SG: Absolutely! We had some of the best writers in television on Blade. Dan Truly, David Goyer. Some very, very talented guys to be around and learn from. And Geoff's been very interested in seeing me grow as a writer. I kind of wonder if he sees -- especially given the parallels between how we got our start-- a little of himself in me. Not that I would ever claim to be as good a writer as Geoff! The man's legendary. [laughs] But, I think Geoff really cares about fostering good writers and hopefully, knock on wood, he sees a good one in me and would like to see me continue to grow.



NRAMA: There really are way too many similarities in your stories.



SG: The creepy thing is, I found out about Jerry Ordway, and I went into Geoff's office, and I said, "I got Jerry Ordway on 'Baby's Cry'!!" And he said, "Wow, Jerry Ordway gave me my start in comics, too." Little did anyone know, but the first thing Geoff ever had published was a Jerry Ordway interview he did for Comic Shop News. And he said, "It's kind of come full circle. That's so weird." And he's right, it's bizarre.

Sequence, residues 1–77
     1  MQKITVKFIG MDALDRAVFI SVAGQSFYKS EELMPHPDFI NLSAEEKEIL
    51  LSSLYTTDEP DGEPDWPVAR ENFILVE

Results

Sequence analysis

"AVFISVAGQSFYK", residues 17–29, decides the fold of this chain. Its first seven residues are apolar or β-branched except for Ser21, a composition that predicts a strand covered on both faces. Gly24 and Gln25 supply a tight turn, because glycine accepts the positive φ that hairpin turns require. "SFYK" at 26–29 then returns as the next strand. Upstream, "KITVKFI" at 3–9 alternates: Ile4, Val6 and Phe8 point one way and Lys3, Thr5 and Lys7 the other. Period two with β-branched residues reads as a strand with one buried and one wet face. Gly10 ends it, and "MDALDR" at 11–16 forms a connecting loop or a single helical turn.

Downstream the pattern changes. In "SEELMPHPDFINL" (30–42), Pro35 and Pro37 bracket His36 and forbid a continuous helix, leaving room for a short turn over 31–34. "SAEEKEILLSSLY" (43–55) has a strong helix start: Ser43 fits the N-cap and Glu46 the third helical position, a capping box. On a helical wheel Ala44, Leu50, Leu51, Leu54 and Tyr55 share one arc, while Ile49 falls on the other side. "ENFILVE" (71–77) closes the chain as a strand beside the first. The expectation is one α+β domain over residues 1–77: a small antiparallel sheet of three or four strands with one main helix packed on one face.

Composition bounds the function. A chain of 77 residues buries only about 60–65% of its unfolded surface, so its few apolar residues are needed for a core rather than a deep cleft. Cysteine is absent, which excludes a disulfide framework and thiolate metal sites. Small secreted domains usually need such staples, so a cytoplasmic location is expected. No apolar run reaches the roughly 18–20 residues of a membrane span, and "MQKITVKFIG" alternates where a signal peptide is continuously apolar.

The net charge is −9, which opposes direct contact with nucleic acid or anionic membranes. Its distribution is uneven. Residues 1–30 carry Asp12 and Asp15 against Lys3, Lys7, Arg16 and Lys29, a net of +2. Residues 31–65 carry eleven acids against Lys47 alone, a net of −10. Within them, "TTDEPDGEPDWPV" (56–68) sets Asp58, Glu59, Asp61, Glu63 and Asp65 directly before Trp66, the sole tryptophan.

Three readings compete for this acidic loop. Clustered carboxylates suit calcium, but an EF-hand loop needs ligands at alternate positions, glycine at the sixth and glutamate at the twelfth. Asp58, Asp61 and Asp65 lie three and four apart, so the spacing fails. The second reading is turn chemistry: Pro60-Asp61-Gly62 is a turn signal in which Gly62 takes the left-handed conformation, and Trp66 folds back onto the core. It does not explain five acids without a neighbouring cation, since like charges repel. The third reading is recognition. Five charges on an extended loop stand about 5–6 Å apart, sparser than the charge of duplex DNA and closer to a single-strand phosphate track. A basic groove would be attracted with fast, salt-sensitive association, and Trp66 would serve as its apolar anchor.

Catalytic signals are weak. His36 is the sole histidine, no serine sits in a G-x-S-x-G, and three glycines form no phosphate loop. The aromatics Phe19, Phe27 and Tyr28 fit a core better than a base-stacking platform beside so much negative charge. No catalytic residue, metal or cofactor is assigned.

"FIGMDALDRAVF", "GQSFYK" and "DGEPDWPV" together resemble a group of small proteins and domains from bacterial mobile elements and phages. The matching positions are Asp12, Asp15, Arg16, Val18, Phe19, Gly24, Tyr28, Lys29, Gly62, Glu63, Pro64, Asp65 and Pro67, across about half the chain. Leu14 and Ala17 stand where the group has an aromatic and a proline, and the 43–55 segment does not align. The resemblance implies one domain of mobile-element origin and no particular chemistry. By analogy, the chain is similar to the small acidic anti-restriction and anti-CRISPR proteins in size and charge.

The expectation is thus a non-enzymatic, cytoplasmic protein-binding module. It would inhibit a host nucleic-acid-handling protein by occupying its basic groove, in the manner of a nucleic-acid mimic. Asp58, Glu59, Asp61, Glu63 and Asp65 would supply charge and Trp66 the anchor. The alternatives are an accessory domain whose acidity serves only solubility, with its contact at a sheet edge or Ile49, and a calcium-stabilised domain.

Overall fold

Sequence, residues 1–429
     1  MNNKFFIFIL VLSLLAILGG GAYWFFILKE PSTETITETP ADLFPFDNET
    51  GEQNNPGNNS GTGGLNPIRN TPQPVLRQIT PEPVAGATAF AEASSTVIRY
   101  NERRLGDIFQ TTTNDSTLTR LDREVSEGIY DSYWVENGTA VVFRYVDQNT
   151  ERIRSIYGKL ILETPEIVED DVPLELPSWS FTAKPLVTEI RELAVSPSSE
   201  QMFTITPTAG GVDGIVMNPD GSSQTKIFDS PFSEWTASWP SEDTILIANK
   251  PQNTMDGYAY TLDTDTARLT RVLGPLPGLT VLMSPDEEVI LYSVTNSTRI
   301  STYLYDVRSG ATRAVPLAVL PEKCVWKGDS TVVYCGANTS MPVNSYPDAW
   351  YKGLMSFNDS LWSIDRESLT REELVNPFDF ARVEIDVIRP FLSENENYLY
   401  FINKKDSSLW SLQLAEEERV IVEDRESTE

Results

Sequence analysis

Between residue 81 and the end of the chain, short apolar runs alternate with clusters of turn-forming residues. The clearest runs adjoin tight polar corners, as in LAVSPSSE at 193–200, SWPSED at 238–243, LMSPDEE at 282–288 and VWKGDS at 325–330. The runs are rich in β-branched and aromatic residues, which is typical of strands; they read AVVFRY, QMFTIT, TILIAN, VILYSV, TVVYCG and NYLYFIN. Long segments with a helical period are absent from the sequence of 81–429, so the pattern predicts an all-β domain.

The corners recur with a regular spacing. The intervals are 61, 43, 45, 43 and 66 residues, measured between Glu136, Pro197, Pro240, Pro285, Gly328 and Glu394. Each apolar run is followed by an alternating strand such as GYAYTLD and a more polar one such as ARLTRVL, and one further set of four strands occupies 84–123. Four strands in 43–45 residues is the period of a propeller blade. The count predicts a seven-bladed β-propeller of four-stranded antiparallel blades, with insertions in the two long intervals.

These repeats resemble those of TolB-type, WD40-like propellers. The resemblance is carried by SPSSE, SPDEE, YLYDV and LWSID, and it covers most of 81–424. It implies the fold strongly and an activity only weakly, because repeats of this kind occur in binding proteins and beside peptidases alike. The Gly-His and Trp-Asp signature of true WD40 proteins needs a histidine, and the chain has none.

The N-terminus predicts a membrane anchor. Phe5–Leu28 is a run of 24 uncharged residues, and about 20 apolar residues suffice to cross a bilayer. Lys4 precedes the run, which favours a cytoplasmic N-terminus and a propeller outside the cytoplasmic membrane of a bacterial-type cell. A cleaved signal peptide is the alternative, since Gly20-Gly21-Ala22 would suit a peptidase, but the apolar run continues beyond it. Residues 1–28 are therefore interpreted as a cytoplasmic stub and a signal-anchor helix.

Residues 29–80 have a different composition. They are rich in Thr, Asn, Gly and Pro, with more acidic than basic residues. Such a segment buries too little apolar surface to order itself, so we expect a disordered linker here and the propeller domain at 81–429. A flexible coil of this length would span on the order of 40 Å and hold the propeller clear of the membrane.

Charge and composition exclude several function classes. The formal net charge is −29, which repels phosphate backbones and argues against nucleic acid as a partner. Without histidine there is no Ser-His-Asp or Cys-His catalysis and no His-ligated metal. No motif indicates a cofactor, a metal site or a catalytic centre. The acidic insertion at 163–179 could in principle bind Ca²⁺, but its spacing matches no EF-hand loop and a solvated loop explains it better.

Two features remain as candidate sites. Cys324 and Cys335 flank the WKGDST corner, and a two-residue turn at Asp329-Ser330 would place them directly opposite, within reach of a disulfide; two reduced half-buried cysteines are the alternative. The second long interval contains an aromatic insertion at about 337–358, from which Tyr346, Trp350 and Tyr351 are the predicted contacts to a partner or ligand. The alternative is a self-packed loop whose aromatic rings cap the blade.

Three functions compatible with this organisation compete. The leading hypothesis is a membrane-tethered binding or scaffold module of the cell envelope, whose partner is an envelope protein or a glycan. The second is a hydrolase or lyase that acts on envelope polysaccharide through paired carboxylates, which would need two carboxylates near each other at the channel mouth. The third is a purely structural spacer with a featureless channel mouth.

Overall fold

But you know, it's also very cool. It's really, as someone who's living this life, it's odd to see parallels between what's happening to me and what happened to someone whose work I really admire and respect. And I think, as both my and Geoff's cases show, you really have to make that decision to take the plunge and follow a dream. It might not always work out exactly how you thought it would, but hey, seeing just how it works out is half the adventure!



Wednesday, October 24, 2007

Junot Diaz

Been rooting for him since my first publisher Rob Weisbach told me about him years ago. This means even more. You know the highbrow/lowbrow debate gets me more riled than just about anything. As do "literary" snobs who want to use and embrace comics, but refuse to lower themselves to go into a comic shop and buy anything current. So Diaz is officially my new hero.